It is a fact that communication is the critical link in all things and can make or break a situation, such as a great working environment. Little things like providing feedback on the outcome of a patient can help to lower stress, provide meaning to their work as well as inspire our providers to do more for more patients as they see the true difference they can make. And don’t forget the staff that doesn’t get as much recognition as the EMS Providers; call takers and dispatchers, fleet and logistics personnel and the valuable folks in the business office. As the first, first responders they serve as a critical link in the chain of survival, performing lifesaving pre-arrival instructions only to hang up the phone to ponder the outcome of that caller. When the field crews have a life-saving experience, recognize all the people in your organization that contributed to the successful outcome, such as, the call taker and dispatcher who took and dispatched the call, the fleet tech who assured the vehicle made it safely to the scene, and the logistics tech who stocked the ambulance. Providing that feedback helps make everyone feel a part of the team that saved the life.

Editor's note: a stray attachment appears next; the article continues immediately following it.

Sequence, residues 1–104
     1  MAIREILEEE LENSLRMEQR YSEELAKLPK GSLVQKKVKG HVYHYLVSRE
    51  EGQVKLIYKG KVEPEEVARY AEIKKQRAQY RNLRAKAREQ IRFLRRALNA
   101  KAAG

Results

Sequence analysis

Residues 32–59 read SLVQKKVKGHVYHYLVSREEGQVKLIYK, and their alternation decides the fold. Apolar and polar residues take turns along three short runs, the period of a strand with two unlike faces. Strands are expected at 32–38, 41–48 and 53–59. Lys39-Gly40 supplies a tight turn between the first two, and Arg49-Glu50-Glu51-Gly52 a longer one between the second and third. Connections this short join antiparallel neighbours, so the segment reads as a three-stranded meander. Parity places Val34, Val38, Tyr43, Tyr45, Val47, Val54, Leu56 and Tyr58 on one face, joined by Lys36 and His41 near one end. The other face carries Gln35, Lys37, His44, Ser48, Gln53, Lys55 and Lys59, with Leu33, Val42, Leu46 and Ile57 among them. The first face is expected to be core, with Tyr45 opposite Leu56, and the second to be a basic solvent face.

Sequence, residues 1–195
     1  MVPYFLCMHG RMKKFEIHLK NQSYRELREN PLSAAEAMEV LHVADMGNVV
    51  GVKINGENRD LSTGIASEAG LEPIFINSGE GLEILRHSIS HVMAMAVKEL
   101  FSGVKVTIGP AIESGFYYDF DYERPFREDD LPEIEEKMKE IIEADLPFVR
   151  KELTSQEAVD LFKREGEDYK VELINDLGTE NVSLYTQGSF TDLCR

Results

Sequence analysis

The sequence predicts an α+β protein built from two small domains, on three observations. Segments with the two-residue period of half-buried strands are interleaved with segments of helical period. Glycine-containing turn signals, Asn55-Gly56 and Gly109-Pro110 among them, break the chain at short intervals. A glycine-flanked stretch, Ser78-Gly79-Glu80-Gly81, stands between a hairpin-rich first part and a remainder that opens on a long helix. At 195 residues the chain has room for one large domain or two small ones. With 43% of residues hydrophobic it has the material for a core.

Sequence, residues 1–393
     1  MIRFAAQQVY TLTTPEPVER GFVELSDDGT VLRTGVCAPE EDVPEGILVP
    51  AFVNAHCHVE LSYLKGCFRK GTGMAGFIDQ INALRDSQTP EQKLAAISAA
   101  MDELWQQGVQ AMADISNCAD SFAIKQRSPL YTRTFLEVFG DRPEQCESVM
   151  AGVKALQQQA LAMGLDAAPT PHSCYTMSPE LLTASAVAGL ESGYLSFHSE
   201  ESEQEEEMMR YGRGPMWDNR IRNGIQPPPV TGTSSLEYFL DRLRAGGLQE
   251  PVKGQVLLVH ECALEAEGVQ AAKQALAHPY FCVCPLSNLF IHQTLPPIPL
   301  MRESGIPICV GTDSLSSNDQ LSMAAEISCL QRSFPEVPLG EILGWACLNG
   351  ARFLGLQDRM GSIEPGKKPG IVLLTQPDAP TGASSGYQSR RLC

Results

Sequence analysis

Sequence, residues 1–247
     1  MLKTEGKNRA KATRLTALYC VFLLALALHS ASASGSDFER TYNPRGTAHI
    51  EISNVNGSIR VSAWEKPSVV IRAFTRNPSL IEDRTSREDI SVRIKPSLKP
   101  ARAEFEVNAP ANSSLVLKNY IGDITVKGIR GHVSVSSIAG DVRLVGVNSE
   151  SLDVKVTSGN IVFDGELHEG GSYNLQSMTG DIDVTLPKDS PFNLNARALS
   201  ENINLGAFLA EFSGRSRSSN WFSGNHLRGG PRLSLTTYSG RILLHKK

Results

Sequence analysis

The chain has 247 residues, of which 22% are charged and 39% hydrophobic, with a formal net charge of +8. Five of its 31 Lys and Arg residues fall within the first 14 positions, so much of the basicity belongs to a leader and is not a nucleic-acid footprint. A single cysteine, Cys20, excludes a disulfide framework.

Simply being appreciated goes a long way to help your personnel stay engaged and perform well. Make sure that we are providing timely, appropriate feedback when someone performs well in addition to poorly, and celebrate when you “catch” him or her doing something right! If a family or patient sends a note, or calls to show their appreciation for the care that was provided to them, make sure to let your staff know about the great job they did, in addition to recognizing the praise both within and outside of the company. Post it on workplace bulletin boards, web sites and social media pages. Many involved in Human Resources use employee engagement models as an attempt to develop employees to the help them be more effective and efficient, which creates better organizational benefits and performance4.